Shanghai Bamboo Pavilion
Shigeru Ban Architect
Feasibility studies for reciprocal frame structure from planar materials
Shanghai Bamboo Pavilion at Tonji University
The reciprocal frame structure was constructed in collaboration by Ban Laboratory at Keio University, Japan and Tonji University, China. A computational model was created to better understand the behavior of this structure before construction.
Several challenges were identified at the beginning of the study. Rectangular cross-section of materials prevent prefect assumption of tangency between frame element in compare to other research using tubular element. A shallow dome structure, thick material and a pre-determined engagement length require large deformation of frame elements and internal strain. Rectangular projection on the spherical geometry led to high eccentricity of surface subdivision.
The circle-tangent model was created initially to replicate results from previous research and the bend-conform model was created specifically for this project. Both adopt a simple gradient-decent optimization to calculate proper engagement length/deformation to achieve perfect contact between frame element.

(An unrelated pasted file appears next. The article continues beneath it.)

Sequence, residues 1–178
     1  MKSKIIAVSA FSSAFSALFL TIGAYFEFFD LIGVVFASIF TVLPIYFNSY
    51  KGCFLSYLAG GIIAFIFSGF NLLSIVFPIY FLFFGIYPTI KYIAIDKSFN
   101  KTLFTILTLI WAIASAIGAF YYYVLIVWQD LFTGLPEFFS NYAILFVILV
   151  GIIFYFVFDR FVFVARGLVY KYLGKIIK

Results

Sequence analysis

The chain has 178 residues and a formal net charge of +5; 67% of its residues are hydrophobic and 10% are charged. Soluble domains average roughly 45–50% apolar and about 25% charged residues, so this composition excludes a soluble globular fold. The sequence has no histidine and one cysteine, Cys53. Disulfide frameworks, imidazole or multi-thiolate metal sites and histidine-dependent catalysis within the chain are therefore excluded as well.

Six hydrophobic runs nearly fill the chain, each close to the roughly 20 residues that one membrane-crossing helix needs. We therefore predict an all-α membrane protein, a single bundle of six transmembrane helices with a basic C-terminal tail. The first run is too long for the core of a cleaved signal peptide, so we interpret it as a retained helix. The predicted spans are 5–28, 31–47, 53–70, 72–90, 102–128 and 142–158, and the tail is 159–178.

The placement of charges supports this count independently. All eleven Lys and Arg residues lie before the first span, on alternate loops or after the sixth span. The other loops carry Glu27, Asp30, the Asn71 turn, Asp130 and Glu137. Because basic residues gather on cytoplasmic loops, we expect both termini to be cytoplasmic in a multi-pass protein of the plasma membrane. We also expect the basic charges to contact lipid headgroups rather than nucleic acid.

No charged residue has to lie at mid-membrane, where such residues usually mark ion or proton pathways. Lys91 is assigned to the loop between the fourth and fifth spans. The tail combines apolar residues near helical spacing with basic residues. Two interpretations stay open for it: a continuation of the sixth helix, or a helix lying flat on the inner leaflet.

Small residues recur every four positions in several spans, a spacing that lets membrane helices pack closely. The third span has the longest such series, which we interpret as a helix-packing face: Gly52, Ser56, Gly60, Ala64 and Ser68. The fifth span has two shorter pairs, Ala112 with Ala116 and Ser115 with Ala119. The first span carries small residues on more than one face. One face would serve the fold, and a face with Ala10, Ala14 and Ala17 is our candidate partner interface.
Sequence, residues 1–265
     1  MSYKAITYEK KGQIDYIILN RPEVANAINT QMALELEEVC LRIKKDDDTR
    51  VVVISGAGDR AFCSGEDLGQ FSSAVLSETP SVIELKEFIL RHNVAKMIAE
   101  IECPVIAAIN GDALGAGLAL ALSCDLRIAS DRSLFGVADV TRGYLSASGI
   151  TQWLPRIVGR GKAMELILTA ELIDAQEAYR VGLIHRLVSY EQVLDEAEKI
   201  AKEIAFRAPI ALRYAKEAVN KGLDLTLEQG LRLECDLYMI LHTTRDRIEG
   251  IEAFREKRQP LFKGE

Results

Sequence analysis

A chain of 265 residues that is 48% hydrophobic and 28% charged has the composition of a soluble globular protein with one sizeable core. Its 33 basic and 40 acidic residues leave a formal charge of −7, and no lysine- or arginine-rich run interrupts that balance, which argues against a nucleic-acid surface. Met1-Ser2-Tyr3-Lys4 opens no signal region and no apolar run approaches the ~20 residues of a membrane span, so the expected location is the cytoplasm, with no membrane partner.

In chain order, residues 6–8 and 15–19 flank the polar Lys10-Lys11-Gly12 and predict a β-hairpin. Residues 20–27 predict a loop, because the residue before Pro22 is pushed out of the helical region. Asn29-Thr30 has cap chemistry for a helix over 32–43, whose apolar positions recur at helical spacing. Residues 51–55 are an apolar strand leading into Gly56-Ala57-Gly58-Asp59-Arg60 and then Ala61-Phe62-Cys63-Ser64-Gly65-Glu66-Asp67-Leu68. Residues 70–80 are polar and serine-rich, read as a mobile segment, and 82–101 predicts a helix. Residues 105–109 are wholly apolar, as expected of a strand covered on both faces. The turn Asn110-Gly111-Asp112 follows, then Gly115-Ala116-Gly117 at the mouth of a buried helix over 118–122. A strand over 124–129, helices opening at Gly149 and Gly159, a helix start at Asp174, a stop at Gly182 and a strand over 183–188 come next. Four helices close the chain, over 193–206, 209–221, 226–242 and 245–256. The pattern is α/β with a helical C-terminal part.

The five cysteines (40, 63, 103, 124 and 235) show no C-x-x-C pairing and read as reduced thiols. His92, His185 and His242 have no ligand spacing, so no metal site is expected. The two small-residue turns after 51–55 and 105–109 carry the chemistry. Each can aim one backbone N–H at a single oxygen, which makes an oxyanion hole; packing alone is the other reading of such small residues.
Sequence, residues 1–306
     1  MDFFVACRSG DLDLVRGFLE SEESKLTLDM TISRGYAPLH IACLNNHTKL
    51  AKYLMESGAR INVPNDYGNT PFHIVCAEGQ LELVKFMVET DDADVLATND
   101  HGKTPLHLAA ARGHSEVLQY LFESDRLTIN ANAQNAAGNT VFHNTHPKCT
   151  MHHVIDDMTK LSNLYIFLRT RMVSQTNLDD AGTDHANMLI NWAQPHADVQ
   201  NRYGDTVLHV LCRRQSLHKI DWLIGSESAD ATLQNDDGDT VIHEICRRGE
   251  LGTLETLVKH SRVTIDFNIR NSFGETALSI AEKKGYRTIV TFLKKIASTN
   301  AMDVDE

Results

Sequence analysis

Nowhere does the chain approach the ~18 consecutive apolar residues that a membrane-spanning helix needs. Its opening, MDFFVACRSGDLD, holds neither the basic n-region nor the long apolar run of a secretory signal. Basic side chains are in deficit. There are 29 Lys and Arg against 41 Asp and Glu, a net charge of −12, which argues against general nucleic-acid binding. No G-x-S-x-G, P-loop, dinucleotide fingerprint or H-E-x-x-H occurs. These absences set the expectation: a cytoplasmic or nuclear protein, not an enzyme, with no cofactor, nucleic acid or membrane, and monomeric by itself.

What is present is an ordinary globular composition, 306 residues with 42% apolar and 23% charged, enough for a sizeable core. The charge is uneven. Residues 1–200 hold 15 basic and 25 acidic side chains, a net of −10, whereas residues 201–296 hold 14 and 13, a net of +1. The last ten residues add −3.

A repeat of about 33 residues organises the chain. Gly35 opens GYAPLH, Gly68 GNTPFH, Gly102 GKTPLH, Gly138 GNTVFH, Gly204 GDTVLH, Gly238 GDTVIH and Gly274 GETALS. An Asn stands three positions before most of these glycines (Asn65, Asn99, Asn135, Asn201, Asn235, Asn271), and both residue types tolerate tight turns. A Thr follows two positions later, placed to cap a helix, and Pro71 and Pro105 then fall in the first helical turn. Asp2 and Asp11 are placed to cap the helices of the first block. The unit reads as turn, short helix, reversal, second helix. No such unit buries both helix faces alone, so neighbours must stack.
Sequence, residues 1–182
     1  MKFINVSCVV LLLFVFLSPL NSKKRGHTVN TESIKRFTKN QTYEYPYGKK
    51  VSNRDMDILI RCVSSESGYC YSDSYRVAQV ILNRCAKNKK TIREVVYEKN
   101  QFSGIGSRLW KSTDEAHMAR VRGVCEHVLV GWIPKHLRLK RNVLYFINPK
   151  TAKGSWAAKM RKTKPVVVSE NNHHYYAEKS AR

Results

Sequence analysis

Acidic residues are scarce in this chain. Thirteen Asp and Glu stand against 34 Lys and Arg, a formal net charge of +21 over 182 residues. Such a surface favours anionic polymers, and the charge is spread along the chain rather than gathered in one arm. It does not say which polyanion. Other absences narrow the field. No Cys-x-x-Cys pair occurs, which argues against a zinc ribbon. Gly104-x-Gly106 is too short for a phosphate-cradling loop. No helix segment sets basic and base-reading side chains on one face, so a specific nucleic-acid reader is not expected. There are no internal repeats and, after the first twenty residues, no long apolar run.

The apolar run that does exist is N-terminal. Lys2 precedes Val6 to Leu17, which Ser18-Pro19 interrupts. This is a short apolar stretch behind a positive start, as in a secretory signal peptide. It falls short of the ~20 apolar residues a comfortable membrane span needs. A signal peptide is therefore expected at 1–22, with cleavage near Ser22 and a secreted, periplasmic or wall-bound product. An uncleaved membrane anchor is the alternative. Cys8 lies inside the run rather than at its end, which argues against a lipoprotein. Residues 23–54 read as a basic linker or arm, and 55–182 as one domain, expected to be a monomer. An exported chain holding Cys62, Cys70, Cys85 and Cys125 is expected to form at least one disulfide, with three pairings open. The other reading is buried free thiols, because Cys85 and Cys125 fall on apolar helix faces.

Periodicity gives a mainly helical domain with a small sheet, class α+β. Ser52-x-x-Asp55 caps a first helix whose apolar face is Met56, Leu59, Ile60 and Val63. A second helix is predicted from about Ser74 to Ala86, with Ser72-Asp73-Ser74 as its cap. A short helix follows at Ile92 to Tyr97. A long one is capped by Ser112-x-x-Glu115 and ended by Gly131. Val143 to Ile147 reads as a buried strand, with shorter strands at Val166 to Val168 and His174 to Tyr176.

Project Team: Harano Yasunori(SBA), Jun Fujisaki(SBA), Anthony Chu(SBA)
Ref: Parigi, D. “Advances in Design and Fabrication of Free-Form Reciprocal Structures.” Structures and Architecture, 2016, pp. 290–297., doi:10.1201/b20891-37.
1. Spherical Dome
2. Subdivision with singularity
3. Mesh Relaxation with constant edge length
Frame element is bent until frame element touch properly.
Circle radius is increase/ decrease iteratively until frame elements touch.
Member location determined by original mesh vertices and not touching.
Members with modified engagement length now fully tangent to each other.Median difference to target > 0.0002%
Engagement length adapt to varying surface curvature, allowing the approximation of an reciprocal frame structure to free form shell geometry. Spikes showing deviation from target distance.
Parigi, D. “Advances in Design and Fabrication of Free-Form Reciprocal Structures.” Structures and Architecture, 2016, pp. 290–297., doi:10.1201/b20891-37.